Whatsapp Chat
Get in touch NOW! Send us a message and the Shiminly team will contact you within 24 hours.

Recent Posts


11 Must-Read Books on Emotional Intelligence

Written by Russ Gadzhiev, PhD


“There is no separation of mind and emotions; emotions, thinking, and learning are all linked.”  – Eric Jensen


“What really matters for success, character, happiness, and lifelong achievements is a definite set of emotional skills – your EQ — not just purely cognitive abilities that are measured by conventional IQ tests.” – Daniel Goleman


“75% of careers are derailed for reasons related to emotional competencies, including inability to handle interpersonal problems; unsatisfactory team leadership during times of difficulty or conflict; or inability to adapt to change or elicit trust.” – The Center for Creative Leadership


Emotional intelligence is something that many teachers and educators talk about a lot these days. Being emotionally intelligent means being able to understand and manage your emotions. It also means being able to understand the emotions of others. 

Possessing emotional intelligence will inevitably lead you to success both professionally and personally. With the help of emotional intelligence, you will be able to build strong meaningful relationships with other people and be more successful at school and work. You will know what exactly you want from life. You will be able to turn your thoughts into actions, which will ultimately lead you to success too. 





If you want to be a team leader or run a business, you will need emotional intelligence without a doubt. If leaders are lacking emotional intelligence, they will not be able to motivate and inspire their employees. They will not be able to connect with them, which will almost inevitably lead to them being demotivated. In fact, research shows that those leaders whose emotional intelligence is low are experiencing problems with high turnovers in their businesses. 

If you want to be an emotionally intelligent person, you can start working to develop skills related to emotional intelligence. In this article, we are going to talk about the books that deal with emotional intelligence.  Here are the most important books on emotional intelligence that will have you get a better understanding of this concept and how to develop it.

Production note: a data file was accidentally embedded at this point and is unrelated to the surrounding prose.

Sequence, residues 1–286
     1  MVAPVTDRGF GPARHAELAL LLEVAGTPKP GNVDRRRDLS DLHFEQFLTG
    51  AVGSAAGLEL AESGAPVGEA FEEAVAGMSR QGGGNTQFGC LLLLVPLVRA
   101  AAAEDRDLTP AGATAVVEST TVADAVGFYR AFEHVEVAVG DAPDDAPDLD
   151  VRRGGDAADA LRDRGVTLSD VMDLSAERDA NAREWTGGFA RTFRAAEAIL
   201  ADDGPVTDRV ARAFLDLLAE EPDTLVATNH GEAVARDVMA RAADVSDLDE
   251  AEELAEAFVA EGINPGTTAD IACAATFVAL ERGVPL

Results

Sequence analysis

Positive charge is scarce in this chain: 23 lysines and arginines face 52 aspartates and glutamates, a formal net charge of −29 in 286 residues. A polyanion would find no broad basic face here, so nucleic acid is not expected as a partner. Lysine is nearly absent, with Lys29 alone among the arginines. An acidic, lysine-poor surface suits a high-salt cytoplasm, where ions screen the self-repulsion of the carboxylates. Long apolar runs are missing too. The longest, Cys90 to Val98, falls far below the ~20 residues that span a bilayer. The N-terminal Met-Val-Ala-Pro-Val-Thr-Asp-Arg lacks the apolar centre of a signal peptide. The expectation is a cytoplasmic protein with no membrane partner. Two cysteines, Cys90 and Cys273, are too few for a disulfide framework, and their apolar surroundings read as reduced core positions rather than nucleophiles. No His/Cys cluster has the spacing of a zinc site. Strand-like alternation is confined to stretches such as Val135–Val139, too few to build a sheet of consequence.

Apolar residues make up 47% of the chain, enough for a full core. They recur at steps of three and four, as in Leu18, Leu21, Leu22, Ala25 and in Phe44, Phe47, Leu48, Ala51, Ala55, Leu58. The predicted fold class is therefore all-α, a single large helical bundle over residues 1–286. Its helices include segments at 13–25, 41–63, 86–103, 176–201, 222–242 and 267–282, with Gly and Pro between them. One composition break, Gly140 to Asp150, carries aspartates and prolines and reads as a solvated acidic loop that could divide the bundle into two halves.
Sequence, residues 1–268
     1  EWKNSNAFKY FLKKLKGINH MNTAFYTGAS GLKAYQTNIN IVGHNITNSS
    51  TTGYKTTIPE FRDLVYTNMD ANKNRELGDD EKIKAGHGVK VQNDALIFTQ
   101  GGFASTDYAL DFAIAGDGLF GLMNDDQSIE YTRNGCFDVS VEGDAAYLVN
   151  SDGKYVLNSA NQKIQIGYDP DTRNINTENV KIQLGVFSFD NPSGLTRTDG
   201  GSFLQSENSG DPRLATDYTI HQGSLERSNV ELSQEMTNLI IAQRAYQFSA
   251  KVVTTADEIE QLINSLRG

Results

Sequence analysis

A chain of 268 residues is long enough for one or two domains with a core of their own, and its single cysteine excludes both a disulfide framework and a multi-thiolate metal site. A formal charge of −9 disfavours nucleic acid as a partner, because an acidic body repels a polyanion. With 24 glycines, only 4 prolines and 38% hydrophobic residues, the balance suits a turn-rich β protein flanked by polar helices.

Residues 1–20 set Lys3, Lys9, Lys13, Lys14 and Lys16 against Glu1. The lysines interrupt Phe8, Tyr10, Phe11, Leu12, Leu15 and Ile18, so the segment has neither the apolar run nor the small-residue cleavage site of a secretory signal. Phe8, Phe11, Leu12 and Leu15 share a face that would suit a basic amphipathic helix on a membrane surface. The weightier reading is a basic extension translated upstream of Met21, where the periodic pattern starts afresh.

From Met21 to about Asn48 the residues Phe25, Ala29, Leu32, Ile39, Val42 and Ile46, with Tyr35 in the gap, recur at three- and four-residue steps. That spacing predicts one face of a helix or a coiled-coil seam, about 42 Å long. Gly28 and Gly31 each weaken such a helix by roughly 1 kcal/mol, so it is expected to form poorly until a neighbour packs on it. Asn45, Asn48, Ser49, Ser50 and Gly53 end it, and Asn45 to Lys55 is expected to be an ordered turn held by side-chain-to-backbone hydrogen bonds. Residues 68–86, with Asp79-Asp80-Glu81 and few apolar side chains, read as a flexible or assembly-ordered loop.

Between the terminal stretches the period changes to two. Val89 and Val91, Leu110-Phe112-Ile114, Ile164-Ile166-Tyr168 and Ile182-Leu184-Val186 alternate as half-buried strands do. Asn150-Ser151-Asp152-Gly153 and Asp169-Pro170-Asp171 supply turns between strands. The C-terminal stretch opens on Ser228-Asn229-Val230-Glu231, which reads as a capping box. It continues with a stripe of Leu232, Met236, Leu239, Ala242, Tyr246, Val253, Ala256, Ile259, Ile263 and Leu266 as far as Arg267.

1.    Daniel Goleman,  – Emotional Intelligence: Why It Can Matter More than IQ. 


When people talk about emotional intelligence and its importance, they are mostly unaware of who coined this term. They usually believe that it was Daniel Goleman who introduced this concept first. But it is not so. 





The term “emotional intelligence” was first introduced by Mayer and Salovey in 1990. Back then they explained that emotional intelligence was “the ability to monitor one’s own and other’s feelings and emotions”. David Goleman familiarized himself with their research on emotional intelligence during the 1990s and in 1995 he published his book based on their ideas. The book is titled “Emotional Intelligence: Why It Can Matter More Than IQ” in 1995. This is the most important book that people wanting to learn more about emotional intelligence need to read it. 

In this book, Goleman argues that IQ is not the only basis for people’s career success. Emotional intelligence is an equally important factor. He also argues that emotional intelligence is not a trait of character, but a set of skills. According to Goleman, emotional Intelligence includes self-motivation, empathy, and being able to control one’s impulses as well as many others.


 2.    Daniel Goleman, Richard Boyatzis, Annie McKee. –  Primal Leadership: Unleashing the Power of Emotional Intelligence.